ATLANTA – Republicans have positioned themselves to keep control of the General Assembly and Georgia’s U.S. House delegation through the rest of this decade even though the state’s been increasingly friendly toward Democrats in recent years.
New legislative maps Georgia lawmakers adopted during this month’s special redistricting session are likely to let minority Democrats gain half a dozen seats in the GOP-controlled state House of Representatives and pick up at least one seat in the Georgia Senate.
By targeting the 6th Congressional District seat held by Democratic U.S. Rep. Lucy McBath, final passage of the Republicans’ new congressional map expected Monday likely would build on the GOP’s current 8-6 advantage in the state’s congressional delegation, yielding a 9-5 split.
In both the General Assembly and congressional delegation, Republicans could have done better, argues Charles Bullock, a political science professor at the University of Georgia who has written extensively on redistricting.
However, GOP legislative leaders smartly opted instead for a conservative approach that still promises to produce comfortable majorities without jeopardizing their prospects later in the decade, he said.
“Democrats overreached 20 years ago.” Bullock said, referring to the last time Democrats controlled the legislature and, thus, were in charge of redistricting. “They ended up slicing up some of those districts so thin they couldn’t defend them.”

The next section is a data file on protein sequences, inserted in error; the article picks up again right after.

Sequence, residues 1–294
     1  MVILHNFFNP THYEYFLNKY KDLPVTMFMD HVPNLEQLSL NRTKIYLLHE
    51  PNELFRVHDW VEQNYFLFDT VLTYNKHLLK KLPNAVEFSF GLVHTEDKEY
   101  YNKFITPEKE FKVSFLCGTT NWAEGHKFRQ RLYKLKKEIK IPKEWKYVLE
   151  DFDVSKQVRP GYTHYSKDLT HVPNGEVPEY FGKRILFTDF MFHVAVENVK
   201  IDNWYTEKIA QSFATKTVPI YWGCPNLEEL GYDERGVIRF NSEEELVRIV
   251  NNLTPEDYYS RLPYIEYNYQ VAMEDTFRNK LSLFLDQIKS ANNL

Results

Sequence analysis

“The Republican Party learned from the mistakes of the Democratic Party,” state Sen. Bill Cowsert, R-Athens, added during one of the Senate redistricting committee’s map debates.
Bullock said a more aggressive strategy aimed at gaining Republican seats in the General Assembly and picking up more than a single seat in the congressional delegation could have backfired on the GOP.
He said spreading Republican voters too thin wouldn’t work in a state where Democrats prevailed in the last three high-profile election contests: President Joe Biden’s narrow victory in Georgia over Republican incumbent Donald Trump and the two runoff wins of Democratic U.S. Sens. Jon Ossoff and Raphael Warnock.
“The state’s changed a lot over the years,” Bullock said. “The seats [Republicans] could narrowly hold in 2022 or ’24 might not be winnable in subsequent elections. … They could see control slip away from them.”